I’d have to purchase a cable modem which would be preferable to leasing one from the cable provider and I already have a router. The router is an older Linksys WRT54G router which should fit my needs rather well. I’ll upgrade the firmware and disable the wireless as I already have a Wireless-N access point up and running. The only changes I’d have to make to my network would be to change the default gateway and DNS settings on a few devices.

    I’ve found AT&T’s proprietary Residential Gateway to be unreliable. It “reboots” itself at random intervals and I need to do a hard reboot at least weekly. I had to turn off the wireless on it long ago because it would randomly drop out (and it was only G anyway). There are also several switch ports on the back that don’t provide for solid connections with Ethernet cables so they are essentially unusable. Fortunately, I have a 48-port Cisco switch.

    Changing Internet providers will not affect my television since I’m using DirectTV (owned by AT&T). I’ll keep that for the international programming my wife watches. No other provider offers the same package.

  2. I’ve been looking into cable modems. After some research, I’ve settled on a Motorola MB7420 cable modem which I can get for about $90 from several sources. Amazon has the OBi200 VoIP box for just under $50 and it fully supports Google voice.

    Although the modem supports gigabit Ethernet, I’ll be using my Linksys WRT54G router (WiFi disabled) and my Cisco switch. I could get faster speeds but upgrading my router and switch are not feasible for the foreseeable future.

    I can probably order the modem with in-store pickup. I can do the VoIP once I’ve made the conversion. I expect to be on AT&T for one more billing cycle. It’s probably wise to port my current number while I still have it.

    I”m thinking that I’ll go with Time Warner’s Turbo Internet package (up to 20Mbps). The first year would be $45 a month and ever after that it will still be less costly than what I’m currently paying AT&T for Internet and phone.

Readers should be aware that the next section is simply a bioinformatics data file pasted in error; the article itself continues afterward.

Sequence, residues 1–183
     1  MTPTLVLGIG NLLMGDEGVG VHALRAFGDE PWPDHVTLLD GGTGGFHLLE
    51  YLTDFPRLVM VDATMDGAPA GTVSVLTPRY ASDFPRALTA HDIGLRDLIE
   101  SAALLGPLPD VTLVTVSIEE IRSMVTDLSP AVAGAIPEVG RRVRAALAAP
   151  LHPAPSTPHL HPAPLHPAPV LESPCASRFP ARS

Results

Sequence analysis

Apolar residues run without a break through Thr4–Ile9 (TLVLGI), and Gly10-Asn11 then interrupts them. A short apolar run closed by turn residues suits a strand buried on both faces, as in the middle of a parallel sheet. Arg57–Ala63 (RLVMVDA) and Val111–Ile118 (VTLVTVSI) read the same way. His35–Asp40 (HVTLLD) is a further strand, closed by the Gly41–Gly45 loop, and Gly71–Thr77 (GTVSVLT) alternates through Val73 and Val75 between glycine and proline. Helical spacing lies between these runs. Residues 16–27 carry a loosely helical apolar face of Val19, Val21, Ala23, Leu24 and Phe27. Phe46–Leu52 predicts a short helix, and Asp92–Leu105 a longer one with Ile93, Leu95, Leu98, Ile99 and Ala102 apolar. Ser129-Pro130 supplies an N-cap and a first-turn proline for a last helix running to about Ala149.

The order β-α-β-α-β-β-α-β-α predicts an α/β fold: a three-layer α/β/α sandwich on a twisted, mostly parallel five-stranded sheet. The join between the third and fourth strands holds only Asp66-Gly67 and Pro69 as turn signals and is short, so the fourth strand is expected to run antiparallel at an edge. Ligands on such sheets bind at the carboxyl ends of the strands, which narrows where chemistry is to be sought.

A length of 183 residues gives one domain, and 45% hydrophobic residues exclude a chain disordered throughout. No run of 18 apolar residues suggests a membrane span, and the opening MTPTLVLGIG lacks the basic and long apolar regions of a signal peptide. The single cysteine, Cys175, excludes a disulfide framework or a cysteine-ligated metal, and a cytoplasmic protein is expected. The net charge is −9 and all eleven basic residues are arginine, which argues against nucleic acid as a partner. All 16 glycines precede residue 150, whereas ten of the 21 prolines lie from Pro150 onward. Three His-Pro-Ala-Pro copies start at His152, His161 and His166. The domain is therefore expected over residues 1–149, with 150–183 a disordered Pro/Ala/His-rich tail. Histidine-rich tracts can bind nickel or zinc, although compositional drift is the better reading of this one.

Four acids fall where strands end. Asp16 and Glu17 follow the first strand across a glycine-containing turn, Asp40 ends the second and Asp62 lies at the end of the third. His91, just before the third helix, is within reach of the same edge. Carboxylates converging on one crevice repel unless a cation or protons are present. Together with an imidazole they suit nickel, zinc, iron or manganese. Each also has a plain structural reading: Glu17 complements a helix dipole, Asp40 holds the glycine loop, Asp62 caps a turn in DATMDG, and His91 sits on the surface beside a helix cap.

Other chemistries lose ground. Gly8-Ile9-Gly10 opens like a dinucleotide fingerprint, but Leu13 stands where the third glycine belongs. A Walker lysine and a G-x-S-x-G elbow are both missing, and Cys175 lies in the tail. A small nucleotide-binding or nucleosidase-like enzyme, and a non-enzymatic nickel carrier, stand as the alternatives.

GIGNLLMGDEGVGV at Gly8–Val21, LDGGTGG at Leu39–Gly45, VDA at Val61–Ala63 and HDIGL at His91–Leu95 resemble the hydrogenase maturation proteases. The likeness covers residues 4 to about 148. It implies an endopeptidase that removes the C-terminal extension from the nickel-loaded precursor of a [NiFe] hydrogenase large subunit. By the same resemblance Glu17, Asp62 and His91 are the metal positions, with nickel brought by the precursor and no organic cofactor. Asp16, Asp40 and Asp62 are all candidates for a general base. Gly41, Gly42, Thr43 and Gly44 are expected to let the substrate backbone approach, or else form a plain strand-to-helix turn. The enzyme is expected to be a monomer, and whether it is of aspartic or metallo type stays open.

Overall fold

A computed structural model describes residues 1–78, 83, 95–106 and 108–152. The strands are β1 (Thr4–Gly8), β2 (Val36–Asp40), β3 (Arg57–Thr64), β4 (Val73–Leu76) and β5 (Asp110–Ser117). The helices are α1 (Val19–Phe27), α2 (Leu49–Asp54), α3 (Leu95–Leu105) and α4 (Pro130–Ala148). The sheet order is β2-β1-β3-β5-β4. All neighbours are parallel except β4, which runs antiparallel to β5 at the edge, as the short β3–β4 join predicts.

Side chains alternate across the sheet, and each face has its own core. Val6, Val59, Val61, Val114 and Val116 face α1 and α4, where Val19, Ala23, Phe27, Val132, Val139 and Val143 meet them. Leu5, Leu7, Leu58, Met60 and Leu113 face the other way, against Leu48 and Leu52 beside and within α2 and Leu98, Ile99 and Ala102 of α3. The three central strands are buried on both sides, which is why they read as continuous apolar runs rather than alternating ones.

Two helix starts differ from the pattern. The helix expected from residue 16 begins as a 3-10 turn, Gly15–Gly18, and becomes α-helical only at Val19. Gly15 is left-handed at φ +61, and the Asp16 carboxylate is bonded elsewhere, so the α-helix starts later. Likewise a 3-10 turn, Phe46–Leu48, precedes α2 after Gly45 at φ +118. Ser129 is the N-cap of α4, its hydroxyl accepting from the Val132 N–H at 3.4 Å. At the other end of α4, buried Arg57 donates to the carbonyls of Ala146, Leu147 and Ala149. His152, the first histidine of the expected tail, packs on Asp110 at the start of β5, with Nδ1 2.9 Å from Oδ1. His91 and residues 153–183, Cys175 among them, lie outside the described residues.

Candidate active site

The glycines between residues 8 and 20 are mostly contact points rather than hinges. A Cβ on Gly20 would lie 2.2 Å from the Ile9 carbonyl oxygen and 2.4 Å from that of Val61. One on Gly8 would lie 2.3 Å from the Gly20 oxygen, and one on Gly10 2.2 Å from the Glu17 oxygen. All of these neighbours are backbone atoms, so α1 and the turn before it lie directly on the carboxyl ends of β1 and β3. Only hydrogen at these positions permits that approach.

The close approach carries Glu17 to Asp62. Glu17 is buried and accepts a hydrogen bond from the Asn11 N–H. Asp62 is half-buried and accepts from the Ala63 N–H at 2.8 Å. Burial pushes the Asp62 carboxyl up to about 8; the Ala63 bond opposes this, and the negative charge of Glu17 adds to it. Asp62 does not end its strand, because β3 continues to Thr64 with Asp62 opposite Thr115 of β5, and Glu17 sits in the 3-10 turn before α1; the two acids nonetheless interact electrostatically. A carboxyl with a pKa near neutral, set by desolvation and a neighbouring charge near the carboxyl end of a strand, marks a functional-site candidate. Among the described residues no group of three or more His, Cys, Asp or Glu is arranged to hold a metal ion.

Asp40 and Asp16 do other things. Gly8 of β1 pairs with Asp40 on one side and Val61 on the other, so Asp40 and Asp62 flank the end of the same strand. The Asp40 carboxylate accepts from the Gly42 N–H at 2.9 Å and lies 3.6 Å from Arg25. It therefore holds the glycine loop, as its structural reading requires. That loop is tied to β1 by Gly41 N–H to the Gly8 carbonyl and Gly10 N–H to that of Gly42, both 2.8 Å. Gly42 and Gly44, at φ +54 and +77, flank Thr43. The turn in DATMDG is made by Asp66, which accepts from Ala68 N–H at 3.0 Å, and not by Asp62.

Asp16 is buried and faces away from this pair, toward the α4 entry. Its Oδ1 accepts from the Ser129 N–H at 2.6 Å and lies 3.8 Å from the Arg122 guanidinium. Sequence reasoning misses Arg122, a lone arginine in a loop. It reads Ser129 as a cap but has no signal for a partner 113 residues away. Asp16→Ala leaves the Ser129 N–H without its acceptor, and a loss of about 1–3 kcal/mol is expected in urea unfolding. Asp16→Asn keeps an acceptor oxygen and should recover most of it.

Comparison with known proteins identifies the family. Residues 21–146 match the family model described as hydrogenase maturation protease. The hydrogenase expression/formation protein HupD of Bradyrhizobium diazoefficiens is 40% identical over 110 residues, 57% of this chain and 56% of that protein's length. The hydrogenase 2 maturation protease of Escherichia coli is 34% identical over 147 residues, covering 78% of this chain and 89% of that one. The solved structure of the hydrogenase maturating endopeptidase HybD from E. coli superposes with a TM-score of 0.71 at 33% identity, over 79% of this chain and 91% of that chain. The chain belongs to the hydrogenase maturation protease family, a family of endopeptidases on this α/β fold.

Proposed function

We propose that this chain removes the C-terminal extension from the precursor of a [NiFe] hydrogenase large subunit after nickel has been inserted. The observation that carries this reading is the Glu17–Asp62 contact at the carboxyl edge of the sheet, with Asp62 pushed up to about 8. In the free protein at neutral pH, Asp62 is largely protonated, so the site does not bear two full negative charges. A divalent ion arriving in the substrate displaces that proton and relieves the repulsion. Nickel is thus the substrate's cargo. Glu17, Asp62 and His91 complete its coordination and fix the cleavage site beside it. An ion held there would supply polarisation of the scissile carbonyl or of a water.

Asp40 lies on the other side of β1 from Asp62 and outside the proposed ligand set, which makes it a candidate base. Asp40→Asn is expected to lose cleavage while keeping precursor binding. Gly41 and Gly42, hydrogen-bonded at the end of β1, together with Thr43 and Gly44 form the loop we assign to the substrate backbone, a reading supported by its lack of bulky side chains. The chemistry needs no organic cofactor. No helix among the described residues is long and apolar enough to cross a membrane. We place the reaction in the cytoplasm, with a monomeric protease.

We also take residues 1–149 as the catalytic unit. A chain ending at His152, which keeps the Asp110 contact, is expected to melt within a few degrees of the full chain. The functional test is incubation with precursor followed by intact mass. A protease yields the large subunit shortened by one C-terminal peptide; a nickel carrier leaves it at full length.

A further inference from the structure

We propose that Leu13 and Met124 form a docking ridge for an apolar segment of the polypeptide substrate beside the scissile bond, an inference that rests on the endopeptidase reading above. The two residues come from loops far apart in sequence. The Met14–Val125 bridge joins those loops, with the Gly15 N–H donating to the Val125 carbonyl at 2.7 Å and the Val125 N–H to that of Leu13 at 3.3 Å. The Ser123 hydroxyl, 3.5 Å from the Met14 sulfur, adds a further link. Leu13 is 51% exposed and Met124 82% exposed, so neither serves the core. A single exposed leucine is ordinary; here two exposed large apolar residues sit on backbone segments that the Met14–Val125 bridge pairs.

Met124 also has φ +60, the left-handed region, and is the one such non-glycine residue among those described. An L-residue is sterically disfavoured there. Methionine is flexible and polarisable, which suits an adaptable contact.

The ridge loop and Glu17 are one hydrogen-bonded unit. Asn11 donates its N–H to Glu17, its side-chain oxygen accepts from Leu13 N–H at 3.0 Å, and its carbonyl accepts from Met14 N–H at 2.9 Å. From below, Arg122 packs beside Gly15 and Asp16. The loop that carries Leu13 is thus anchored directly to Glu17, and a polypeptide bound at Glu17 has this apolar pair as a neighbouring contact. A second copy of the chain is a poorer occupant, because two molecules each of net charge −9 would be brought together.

3. I’ve committed myself to the change. I purchased a Motorola MB7420 cable modem today and plan to call Time-Warner tomorrow. I hooked up the router and reconfigured it, turning off the wireless (won’t be needed) and switching it back to gateway mode. I may need to change the default gateway setting on some devices.

    It looks as though porting my current land-line number will be kind of involved so I’ll just obtain a number from Google Voice, hopefully something close.

    I’m hoping I can explain to the cable folks that I’ve had cable before so there’s already a demarc outside the house with a cable going from it to a wall jack inside the house. I’d rather use that than have them put another hole in my wall. If they could do something about the cable running to from the pole to the house, I’d greatly appreciate that.

  4. I’m scheduled to have the cable “installed” tomorrow afternoon. I hope the tech will use the existing cable and wall plate. I have the modem and the router in place and ready. I don’t see any reason why I shouldn’t be able to use the Linux PC on the rack there.

    The AT&T Residential Gateway did a random reoboot today. Sometimes the reboot doesn’t work and I have to unplug it and plug it back in. Such was the case today.

    I’ve also been cleaning up my Network Info spreadsheet.